I’ve mentioned this possibility in a previous thread, and I started looking into creating it myself, since I’m already pretty familiar with the brush engine code. I have ideas how to implement it, but currently don’t have the time. It’s a great idea, though, and I would love to see it happen. Once implemented fully, it could replace all the other brush engines, especially if performance is on par with what it replaces.


while this is an interesting idea I don’t know if having it for brush settings would be a good thing. I can see some main problems with this approach:

  • this strays a lot from industry standards and would confuse new users
  • not everyone is familiar with a node approach (related to the first one)
  • seems a bit over-complicated for editing brushes, would increase the time to edit a brush

Now I know these things might be just my opinion but I will try to bring points that might be relevant, as I dont think I would be the only artist that has almost no experience with node based systems.

In your section of what is wrong with the current brush editor, you state and i quote

and I completely agree with you, it is verbose, which i don’t think its a bad thing in itself, though it can scare new users. I just don’t know why a node base system would help in this case, a node base approach just doesn’t seem any more intuitive than the current system.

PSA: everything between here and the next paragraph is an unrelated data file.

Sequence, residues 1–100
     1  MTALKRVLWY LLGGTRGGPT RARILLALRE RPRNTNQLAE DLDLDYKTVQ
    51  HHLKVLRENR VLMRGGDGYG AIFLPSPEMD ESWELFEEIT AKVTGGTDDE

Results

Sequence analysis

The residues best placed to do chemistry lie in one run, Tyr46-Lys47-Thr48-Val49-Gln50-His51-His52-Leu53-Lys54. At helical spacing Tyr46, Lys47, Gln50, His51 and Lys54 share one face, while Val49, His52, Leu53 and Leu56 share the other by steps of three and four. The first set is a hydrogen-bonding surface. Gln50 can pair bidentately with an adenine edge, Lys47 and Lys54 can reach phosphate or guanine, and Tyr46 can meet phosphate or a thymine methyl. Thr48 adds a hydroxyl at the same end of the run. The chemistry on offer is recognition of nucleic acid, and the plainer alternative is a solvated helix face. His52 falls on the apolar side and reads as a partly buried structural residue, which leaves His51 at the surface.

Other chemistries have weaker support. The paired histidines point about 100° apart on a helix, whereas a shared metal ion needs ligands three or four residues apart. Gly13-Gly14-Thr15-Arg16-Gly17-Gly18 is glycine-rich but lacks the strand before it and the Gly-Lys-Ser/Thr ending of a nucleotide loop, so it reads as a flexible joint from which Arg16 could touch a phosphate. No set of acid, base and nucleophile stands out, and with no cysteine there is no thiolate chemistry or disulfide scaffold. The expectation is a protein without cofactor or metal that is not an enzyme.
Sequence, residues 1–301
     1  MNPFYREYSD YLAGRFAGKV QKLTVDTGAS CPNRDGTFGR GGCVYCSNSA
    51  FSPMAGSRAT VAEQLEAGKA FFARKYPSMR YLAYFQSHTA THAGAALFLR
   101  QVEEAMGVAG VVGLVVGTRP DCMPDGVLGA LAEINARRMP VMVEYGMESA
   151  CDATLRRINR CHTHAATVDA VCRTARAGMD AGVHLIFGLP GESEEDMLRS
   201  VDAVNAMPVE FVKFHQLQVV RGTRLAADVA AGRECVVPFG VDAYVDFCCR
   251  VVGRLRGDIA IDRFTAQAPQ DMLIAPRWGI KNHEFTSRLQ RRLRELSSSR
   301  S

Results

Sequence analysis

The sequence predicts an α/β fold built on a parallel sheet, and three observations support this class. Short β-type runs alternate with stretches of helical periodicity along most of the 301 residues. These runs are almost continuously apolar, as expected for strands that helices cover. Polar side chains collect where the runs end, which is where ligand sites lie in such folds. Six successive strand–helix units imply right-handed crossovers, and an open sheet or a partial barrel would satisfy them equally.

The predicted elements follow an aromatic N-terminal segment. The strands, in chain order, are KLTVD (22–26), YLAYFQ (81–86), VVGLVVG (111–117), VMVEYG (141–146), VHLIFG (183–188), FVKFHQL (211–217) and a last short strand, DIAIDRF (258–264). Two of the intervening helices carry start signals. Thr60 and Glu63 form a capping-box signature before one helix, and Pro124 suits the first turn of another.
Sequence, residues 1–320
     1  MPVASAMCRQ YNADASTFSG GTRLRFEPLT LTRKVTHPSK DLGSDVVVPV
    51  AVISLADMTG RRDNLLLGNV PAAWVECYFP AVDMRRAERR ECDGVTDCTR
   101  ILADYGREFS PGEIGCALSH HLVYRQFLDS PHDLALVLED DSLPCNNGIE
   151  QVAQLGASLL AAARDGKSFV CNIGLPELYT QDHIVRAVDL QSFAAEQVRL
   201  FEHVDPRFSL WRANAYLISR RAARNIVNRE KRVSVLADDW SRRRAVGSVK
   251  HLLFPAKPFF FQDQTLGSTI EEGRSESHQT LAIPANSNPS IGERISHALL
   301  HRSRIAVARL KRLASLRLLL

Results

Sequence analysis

You quote how its a common thing for 3d software like blender but I want to bring your attention that while blender uses that its never for editing brushes, both sculpting and grease pencil brushes use a more traditional settings approach.
You list some things that you consider that are pros for this new system, and I will give my view on them.

  • Easier to “read” brushes

That’s debatable, if you are used to a node system it might be intuitive, but for someone just starting this will be confusing. While the current system is by no means intuitive to beginners it follows the same format as most other applications, its somewhat familiar.

  • Easier to make brushes

Again that is pretty much debatable, I can actually see people having more trouble with this than the current approach. As in the current approach you can see all the available options, and its a simple yes or no to use them. As with a node system people also need to connect them.

  • Paths of feature extensibility

While i agree this would be interesting i cant see much of a use case for this in a brush editor, would be awesome in the context of a composition workflow though.